Cairo, Marassi, Mivida and Cairo Gate), two projects in Pakistan (Crescent Bay and Canyon Views),
three projects in Morocco (Tinja, Saphira, and Amelkis), four projects in Saudi Arabia (King
Abdullah Economic City, Jeddah Gate, Al Khobbar Lakes and Emaar Residences at Fairmont
Makkah), two projects in Turkey (Tuscan Valley and the New Istanbul Development), one project in
Jordan (Samarah Dead Sea Resort), one project in Syria (The Eighth Gate) and one project in
Lebanon (Beit Misk). Details of the stage of completion of such projects and Emaars interests in the
same, together with details of Emaars other international projects, are contained in Property
Developments International Wholly Owned and Property Developments International Non
Wholly Owned. Emaars decision to commence operations in a particular country is based on
numerous factors, including economic and political stability at that time, the state of development of
that particular country (favouring emerging economies where greater returns can be realised), the level
of competition in the country and the macro-economic conditions of the country (favouring high
growth economies with high demand for Emaars offerings). In the majority of its international
projects, Emaar is aiming to replicate its Dubai model of developing integrated lifestyle community
developments which enable it to earn revenues both from the sale of properties and through the
holding and management (including via its international joint ventures) of investment properties.
Whilst the UAE accounts for the majority of Emaars revenue (89 per cent. for the three months
ended 31 March 2012, and 82 per cent. for the year ended 31 December 2011), Emaar intends to
increase the proportion of revenue generated from its international operations significantly from 35 per
cent. to 40 per cent. (considering that UAE revenues are also growing) by 2013. Emaars revenues
from international operations increased by 47 per cent. in 2011 to AED 1.43 billion.

Emaar anticipates that rental and other revenues from its Malls and Retail, and Hospitality segments
will grow as a proportion of its total revenues in the medium term. To date, the Malls and Retail
segment has focused on operating Emaars Dubai based shopping malls, including The Dubai Mall,
Gold and Diamond Park, The Marina Mall and Souk Al Bahar. The Hospitality segment focuses on
owning and managing hospitality and leisure assets (including hotels and resorts (including The
Address Hotels and Resorts brand (See Hospitality The Address Hotels and Resorts)), golf resorts,
serviced apartments, a polo and equestrian club, a yacht club and restaurants) following completion
of their development by Emaar. The Armani Hotels and Resorts brand is being developed by Emaar
in collaboration with Giorgio Armani S.p.A. (see Hospitality Armani Hotels and Resorts). Whilst
Property Development accounts for the majority of Emaars revenue (42 per cent. for the three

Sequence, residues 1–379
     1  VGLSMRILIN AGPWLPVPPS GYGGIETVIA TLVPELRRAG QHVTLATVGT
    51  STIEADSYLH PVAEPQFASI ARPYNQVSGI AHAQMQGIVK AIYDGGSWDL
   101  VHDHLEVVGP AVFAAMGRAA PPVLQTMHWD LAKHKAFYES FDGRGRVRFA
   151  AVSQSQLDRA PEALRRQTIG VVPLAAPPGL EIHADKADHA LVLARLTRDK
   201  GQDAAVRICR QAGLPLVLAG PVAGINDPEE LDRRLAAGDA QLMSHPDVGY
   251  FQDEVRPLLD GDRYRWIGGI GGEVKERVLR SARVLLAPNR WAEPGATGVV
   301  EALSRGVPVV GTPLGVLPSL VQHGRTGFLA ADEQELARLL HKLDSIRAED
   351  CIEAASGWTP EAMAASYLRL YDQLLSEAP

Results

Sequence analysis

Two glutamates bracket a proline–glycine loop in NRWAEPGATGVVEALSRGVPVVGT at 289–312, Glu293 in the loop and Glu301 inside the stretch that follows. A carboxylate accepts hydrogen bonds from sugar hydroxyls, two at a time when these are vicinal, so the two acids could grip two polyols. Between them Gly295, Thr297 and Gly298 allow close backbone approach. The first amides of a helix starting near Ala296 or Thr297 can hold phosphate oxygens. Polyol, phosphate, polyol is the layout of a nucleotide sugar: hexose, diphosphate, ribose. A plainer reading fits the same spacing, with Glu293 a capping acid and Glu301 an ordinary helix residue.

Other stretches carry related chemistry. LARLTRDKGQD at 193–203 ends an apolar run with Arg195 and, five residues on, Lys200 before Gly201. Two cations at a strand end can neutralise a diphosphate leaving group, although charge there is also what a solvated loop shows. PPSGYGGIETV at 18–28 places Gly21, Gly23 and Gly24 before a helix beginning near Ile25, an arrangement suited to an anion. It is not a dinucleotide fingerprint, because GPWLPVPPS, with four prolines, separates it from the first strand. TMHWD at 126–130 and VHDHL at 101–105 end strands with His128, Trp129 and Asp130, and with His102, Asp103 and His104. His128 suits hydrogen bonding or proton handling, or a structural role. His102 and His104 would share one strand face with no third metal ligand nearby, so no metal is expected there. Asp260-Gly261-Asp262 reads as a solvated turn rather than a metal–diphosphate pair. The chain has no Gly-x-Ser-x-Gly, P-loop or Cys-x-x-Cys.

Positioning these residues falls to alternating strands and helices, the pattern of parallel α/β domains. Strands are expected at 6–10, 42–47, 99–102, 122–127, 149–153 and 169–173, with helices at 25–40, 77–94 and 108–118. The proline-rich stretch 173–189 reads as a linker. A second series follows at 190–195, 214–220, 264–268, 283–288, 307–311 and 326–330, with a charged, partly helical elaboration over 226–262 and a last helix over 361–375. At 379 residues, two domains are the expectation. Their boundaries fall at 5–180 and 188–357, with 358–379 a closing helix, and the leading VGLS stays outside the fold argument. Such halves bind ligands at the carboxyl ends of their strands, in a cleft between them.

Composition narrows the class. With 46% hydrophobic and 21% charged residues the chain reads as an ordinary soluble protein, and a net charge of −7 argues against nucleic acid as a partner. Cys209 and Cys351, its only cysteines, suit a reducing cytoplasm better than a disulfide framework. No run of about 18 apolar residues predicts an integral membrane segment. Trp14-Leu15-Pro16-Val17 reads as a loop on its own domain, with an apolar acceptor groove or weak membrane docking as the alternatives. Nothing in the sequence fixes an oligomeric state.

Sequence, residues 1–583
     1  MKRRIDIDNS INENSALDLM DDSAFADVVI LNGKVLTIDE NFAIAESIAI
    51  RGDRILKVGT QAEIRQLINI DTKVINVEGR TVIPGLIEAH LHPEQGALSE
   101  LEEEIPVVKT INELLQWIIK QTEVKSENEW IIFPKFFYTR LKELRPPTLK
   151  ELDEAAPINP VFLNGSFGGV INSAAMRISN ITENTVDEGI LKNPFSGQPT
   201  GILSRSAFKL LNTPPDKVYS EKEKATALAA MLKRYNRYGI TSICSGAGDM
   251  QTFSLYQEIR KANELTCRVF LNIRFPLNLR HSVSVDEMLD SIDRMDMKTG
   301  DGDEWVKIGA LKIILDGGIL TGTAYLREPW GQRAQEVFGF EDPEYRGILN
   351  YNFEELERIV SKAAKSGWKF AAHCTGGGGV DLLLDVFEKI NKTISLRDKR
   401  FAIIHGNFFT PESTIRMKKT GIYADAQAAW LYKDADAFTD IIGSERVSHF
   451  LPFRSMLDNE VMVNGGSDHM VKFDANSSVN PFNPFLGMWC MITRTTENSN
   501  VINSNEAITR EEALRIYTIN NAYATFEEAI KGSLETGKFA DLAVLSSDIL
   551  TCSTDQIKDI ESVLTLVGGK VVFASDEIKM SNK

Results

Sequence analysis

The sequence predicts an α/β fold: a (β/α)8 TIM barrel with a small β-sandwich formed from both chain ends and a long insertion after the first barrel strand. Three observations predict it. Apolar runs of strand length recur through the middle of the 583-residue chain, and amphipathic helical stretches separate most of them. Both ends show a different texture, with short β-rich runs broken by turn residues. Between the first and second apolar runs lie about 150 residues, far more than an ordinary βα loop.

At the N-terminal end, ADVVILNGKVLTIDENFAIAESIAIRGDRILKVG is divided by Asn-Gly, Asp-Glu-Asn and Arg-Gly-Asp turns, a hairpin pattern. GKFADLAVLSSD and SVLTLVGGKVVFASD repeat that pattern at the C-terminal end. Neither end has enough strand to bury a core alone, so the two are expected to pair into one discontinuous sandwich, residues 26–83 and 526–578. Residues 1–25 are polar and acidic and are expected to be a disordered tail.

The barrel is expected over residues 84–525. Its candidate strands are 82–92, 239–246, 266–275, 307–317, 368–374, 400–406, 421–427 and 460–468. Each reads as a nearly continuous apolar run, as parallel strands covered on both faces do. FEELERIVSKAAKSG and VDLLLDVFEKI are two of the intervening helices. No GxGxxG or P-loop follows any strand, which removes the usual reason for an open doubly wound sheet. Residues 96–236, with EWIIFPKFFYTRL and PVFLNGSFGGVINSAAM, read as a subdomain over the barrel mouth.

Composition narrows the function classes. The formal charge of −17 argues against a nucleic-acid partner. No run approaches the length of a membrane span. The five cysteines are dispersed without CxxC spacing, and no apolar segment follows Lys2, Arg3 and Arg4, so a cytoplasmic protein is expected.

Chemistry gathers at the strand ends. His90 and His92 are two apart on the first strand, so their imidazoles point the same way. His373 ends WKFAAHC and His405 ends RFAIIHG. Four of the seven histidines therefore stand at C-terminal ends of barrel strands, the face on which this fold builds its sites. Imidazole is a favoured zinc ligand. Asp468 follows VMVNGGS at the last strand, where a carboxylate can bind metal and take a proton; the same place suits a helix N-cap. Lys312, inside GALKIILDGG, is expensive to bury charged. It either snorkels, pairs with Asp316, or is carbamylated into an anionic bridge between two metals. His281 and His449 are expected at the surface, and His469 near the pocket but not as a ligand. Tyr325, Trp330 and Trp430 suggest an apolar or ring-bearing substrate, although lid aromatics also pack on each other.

months ended 31 March 2012 and 57 per cent. for the three months ended 31 March 2011), Emaar
has already achieved significant diversification with the Malls and Retail, and Hospitality business
segments forming 41 per cent. of the total revenue of the Group in 2011. Revenue from these
business segments was 24 per cent. of the total revenue during the year 2010. The absolute amount of
revenue from Malls and Retail, and Hospitality business segments increased by 17 per cent. in 2011
as compared to 2010, and accounted for 58 per cent. of its revenues in the three months ended 31
March 2012 compared to 43 per cent. for the same period in 2011.

Emaar anticipates that, as its developments are completed, its Malls and Retail, and Hospitality
business segments will further mature into self-sustaining international companies from which Emaar
will be able to realise value through initial public offerings once the relevant segment has reached an
appropriate stage of development. It is Emaars current intention to retain strategic and management
control of each segment after any such public offering.

Emaar aims to increase shareholder value by efficient utilisation of its financial and physical assets.
Emaars project finance strategy is to finance through a combination of shareholders equity, pre-
selling of projects, debt financings, initial public offerings and strategic sales. Emaar aims to retain
sufficient reserves and liquidity to ensure operational obligations are met on a timely basis. As at 31
March 2012, Emaar had U.S.$8.7 billion (approximately AED32.1 billion) in equity and reserves
including retained earnings.

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Business Model
The central elements of Emaars business model are as follows:
* the creation of integrated lifestyle communities;
* the partnering with governments, government related entities and/or key local business partners;
and
* the project development process.

Lifestyle Communities
Emaars business model is based on the creation of entire master planned lifestyle communities.